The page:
Trials are about the facts. The effect of a solid impeachment of an important witness can be so harmful to the overall credibility of the opponent’s case that recovery is very difficult.
Impeachment is not to say that the witness is maliciously lying. Witnesses often unknowingly misrepresent the truth; they make mistakes, sometimes honest mistakes.
Whether intentional or unintentional, the skilled cross-examiner must be able to impeach effectively and efficiently when the facts are distorted.
Believability of the witness involves more than just his words. The revelation of the mistake, deception, or contradiction of the witness in front of the fact finder is what counts the most,
Contradiction of the witness in front of the jury in real time is the most powerful and memorable method of attacking the credibility of a witness though cross-examination.
Types of Impeachment
5. Inconsistency with another witness
6. Inconsistency with physical evidence
7. Inconsistency with things not done
8. Inconsistency with common sense
9. Omissions; and
10. Inconsistent statements
Foundation of Impeachment
Impeachment by bias, interest, motive or prejudice takes many forms, in the sense that no particular legal or procedural foundation is required.
Impeachment by inconsistency may require a foundation.
Impeachment is, at times, a double edged-sword. Both edges cut the witness. The cross-examiner must be attentive to the fact that the inconsistency may be considered substantive evidence as well as used to impeach.
Impeachments should always occur consistent with the theory of the case.
“I want to hurt the witness” is neither a theory nor a theme.
Rule 1: Always impeach consistent with e theory and theme.
Rule 2: Do no impeach contrary to or against the theory of the case.
Rule 3: Use commons sense when impeaching on matters unrelated to the theme.
i. Is the matter truly unrelated
ii. If so, will is distract the jury
iii. Is the matter important
Whenever an inconsistency is stated in unusual, emotional, or dramatic words that come directly from the witness’s mouth or written statement, it offers the cross-examiner another form of impeachment.
The basic steps of impeachment are necessary not only for foundation purposes, but also to create dramatic effect that assists in maximizing the damage of the impeachment. Once an inconsistency has been exposed, never hesitate to maximize the damage of that inconsistency.
Break the inconsistency into as many separate changes facts as possible.
Treat each initial story fact as a separate impeachment.
Looping Off the Inconsistent Version
For major inconsistencies that involve sufficient importance in the case, consider having the witness read the inconsistency first. Then the lawyer can loop (repeat) that inconsistency back to the witness. The lawyer is forcing the witness to provide a “spontaneous” loop, which is not actually spontaneous because the lawyer has required the witness to read aloud from the transcript or document and thus can plan the loop in advance.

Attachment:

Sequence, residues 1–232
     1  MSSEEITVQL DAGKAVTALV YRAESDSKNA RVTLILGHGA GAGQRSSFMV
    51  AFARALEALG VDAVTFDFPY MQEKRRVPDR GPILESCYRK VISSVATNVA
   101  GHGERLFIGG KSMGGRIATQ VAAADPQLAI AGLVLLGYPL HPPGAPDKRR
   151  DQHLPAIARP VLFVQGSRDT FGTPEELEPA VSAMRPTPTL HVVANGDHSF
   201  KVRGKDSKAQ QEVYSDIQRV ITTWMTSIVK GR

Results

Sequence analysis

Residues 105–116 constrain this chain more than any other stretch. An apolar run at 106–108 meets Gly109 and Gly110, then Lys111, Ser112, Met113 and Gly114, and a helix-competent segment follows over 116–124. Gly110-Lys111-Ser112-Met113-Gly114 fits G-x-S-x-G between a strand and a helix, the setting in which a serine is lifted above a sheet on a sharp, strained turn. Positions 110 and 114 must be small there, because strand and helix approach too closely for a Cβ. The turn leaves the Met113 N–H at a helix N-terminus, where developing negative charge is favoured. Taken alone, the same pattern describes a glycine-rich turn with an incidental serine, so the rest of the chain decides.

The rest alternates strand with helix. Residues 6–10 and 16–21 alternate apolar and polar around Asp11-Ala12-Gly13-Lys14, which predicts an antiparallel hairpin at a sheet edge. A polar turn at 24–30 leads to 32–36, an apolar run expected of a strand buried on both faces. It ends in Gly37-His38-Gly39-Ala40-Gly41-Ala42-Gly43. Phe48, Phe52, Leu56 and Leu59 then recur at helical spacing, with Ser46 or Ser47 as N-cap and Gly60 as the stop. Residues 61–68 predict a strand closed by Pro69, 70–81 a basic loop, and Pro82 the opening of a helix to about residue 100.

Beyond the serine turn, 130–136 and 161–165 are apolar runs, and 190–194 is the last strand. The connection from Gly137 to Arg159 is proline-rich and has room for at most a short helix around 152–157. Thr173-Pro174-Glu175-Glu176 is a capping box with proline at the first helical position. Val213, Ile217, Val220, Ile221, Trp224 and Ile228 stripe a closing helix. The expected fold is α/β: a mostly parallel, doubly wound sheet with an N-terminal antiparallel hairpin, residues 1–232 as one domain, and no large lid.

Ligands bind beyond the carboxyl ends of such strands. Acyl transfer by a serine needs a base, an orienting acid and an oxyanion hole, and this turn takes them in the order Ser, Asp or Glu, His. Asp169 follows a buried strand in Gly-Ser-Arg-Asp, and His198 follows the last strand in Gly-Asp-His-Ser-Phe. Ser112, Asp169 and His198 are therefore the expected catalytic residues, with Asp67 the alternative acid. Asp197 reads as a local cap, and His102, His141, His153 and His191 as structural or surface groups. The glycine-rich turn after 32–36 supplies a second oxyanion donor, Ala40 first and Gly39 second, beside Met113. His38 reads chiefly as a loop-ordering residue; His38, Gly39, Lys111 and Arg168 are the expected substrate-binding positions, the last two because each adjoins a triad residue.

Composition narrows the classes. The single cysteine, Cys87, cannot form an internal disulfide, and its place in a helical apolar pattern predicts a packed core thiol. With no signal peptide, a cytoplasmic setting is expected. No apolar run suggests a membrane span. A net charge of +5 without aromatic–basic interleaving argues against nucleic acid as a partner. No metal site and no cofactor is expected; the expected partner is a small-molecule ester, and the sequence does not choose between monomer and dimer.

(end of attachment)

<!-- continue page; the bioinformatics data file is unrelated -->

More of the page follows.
In previous chapters it has been said to spread impeachments throughout the cross exam in order to better control the witness. However, there are those occasions in which a series of impeachments may be performed back to back as a method of highlighting the overall lack of credibility of the witness. This technique is termed serial impeachment.
The cross-examiner must be careful to develop only those inconsistencies that are not likely to be viewed as trivial.
Perhaps some inaccuracies are not critical to the issue, but strung together they can begin to lead the listener to questions whether the witness can be trusted on any matters requiring accuracy.
The “Big Bang” Impeachment
Another technique of impeachment is built upon the use of a single important impeachment.
In setting up such a major impeachment it is imperative that the cross-examiner use the opening statement as an opportunity to focus he attention of the fact finder on the coming impeachment.
Having successfully performed the impeachment the advocate should recapture that moment and its importance with in the closing argument.
More Than 1 Inconsistency on a Single Point
1. The cross-examiner can decide to impeach only with the most helpful inconsistent statement and not mention o the jury the other inconsistent statement.
2. The cross-examiner may choose to show to the jury both prior inconsistent stamen and show that they are inconsistent with each other.
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